The pair are considering how best to use pavement management surveys to bring in more data that could be a ‘precursor to potholes’ to ensure more efficient planning of both of repairs and inspections. This could include information on utility road openings, signs of fretting, chipping loss, cracking, and any signs of standing water on the road and water ingress such as failed drainage.

Mr Collins accepts that a predictive asset management system could take a year or two to develop and would have to be tested against the financial capabilities and treatment options of local authorities to see if it truly can create more efficient long-term asset management. However it is clear there is potential there that both Yotta and Brent are keen to explore.

‘It is not a fully developed approach that we are currently offering to clients but there is a strong appetite for it and there is untapped benefit and value there,’ he says.

He adds that just as the current approach Brent is taking has helped target high priority repair areas, a more predictive system could help develop more refined risk-based monitoring. So where an area was marked as showing precursors of pothole formation the local authority might put it down for an increase inspection routine and in this way cut off legal claims before they form too.

Alloy goes mobile 

Yotta has announced the launch of a mobile version of Alloy, its next-generation connected asset management platform.

Alloy Mobile supports all Alloy modules including Asset Core, which sits at the heart of the system and enables the creation of custom assets. Now available to users in the form of an app, Alloy Mobile is fully integrated with the main Alloy platform, which was launched in 2017.

Designed from the outset as an enterprise-level cloud solution, Alloy allows users to achieve connectivity between assets, people and organisations - providing server-based mapping and Mesh functionality that embraces sensor-connected assets.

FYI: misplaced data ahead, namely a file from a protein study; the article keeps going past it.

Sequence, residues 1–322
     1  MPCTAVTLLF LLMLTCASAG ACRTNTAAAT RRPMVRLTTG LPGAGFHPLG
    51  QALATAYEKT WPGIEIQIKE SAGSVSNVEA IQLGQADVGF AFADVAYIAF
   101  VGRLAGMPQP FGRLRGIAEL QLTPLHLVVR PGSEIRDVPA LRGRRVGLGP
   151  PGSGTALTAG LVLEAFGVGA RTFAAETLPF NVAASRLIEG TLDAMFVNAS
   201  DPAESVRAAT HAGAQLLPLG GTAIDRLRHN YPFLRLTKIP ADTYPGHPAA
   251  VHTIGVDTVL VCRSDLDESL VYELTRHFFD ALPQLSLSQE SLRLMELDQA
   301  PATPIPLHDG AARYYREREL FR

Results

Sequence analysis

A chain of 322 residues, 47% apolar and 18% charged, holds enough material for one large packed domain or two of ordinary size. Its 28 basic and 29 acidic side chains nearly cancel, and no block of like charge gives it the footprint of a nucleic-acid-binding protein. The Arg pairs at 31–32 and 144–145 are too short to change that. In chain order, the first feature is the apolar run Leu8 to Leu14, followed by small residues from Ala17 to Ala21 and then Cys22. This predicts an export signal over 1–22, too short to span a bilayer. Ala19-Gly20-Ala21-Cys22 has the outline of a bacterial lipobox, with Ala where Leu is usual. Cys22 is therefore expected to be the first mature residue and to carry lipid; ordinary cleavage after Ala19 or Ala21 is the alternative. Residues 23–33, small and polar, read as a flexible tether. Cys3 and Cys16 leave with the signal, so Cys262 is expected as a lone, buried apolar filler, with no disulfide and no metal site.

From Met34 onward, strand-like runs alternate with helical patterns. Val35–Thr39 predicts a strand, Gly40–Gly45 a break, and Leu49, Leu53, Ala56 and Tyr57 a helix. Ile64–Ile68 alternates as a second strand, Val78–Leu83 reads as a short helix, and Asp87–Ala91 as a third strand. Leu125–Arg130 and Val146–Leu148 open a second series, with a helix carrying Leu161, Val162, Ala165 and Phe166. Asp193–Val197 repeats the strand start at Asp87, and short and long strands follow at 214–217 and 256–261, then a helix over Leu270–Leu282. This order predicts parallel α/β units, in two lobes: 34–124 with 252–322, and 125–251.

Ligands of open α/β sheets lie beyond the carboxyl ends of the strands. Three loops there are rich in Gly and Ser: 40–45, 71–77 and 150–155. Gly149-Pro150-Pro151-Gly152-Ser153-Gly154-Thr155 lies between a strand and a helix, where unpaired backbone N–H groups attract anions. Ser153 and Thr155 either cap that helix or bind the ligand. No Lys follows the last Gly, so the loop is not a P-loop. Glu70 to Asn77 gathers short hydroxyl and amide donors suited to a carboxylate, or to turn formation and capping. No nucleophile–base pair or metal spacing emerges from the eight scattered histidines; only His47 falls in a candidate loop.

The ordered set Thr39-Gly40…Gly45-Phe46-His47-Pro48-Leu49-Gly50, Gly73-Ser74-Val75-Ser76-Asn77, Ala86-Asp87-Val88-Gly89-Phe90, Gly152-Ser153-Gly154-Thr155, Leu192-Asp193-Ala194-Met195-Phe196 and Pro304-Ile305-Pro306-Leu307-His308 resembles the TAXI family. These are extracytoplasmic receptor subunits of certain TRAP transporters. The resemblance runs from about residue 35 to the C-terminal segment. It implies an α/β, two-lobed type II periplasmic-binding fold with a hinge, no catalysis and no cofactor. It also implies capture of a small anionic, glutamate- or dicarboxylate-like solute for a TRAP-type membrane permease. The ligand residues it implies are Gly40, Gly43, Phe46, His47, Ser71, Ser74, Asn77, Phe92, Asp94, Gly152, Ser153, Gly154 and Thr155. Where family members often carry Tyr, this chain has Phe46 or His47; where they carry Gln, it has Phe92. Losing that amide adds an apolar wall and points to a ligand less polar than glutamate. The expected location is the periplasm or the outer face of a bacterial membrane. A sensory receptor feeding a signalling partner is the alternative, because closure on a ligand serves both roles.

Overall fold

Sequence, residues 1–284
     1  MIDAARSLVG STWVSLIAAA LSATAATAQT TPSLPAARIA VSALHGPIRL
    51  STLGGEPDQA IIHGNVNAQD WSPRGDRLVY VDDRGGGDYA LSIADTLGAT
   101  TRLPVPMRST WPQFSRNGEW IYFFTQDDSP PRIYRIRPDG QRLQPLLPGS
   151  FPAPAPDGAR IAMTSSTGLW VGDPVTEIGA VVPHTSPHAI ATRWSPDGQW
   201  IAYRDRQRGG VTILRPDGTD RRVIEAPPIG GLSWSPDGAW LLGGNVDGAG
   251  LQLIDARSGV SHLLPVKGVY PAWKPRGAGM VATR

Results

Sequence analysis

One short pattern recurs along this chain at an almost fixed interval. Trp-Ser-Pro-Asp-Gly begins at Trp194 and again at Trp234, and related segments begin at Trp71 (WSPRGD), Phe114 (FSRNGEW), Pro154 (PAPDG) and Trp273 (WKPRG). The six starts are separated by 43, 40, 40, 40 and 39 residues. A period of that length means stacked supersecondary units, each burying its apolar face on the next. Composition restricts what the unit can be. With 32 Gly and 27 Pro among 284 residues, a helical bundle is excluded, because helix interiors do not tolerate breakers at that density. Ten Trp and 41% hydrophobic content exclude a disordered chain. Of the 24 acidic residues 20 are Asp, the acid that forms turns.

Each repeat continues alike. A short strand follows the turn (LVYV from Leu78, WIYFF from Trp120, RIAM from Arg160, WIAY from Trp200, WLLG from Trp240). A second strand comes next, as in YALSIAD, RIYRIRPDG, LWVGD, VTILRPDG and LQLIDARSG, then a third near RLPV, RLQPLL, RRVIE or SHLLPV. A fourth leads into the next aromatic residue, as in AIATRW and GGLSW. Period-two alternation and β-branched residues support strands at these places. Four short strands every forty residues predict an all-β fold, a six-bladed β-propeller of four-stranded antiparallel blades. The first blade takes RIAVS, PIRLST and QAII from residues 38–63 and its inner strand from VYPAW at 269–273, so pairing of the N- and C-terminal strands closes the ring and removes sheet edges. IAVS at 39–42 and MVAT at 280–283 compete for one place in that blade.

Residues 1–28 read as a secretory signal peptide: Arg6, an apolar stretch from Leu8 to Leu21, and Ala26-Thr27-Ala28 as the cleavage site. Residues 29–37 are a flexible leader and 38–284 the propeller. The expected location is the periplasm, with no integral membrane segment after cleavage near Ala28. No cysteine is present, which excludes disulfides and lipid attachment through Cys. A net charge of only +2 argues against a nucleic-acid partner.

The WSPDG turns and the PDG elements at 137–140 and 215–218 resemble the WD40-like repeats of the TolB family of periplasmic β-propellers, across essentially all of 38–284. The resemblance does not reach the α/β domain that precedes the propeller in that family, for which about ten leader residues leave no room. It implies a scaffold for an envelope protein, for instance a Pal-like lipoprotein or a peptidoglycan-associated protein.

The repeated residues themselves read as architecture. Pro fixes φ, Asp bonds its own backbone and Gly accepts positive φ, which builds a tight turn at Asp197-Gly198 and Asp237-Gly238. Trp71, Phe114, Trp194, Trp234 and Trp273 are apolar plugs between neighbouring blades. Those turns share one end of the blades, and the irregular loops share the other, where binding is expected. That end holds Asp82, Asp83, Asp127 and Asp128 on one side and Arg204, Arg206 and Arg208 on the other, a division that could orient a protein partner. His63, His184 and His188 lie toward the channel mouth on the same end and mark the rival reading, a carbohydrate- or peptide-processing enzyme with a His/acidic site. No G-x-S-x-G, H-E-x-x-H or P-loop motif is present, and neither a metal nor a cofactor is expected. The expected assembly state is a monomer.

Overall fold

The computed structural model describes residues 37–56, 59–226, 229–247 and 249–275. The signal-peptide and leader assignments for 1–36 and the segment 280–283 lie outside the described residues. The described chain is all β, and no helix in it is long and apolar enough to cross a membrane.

'With Alloy Mobile, we were looking for a way to make it easier for council staff working out in the field to quickly take advantage of all the benefits of Alloy,' says Manish Jethwa, chief product and technology officer, at Yotta.

'Partly, it’s about ease of use. Field workers can simply open the app on their phones and immediately receive a list of work that has been assigned to them for that day while being able to quickly and easily submit updates as they complete their identified jobs.

'As we did with the main Alloy platform, Alloy Mobile has been designed from the ground up so the two can be fully integrated. You can do work on your own account in the web-based Alloy system and you immediately see that populate on the mobile solution and vice versa.

'Another key benefit of Alloy Mobile is that users can continue to work offline when no mobile connectivity is available. All changes made are immediately synchronised the next time they go back online.'

Alloy Mobile is currently available on Android mobile devices, with support for the iOS operating system coming soon.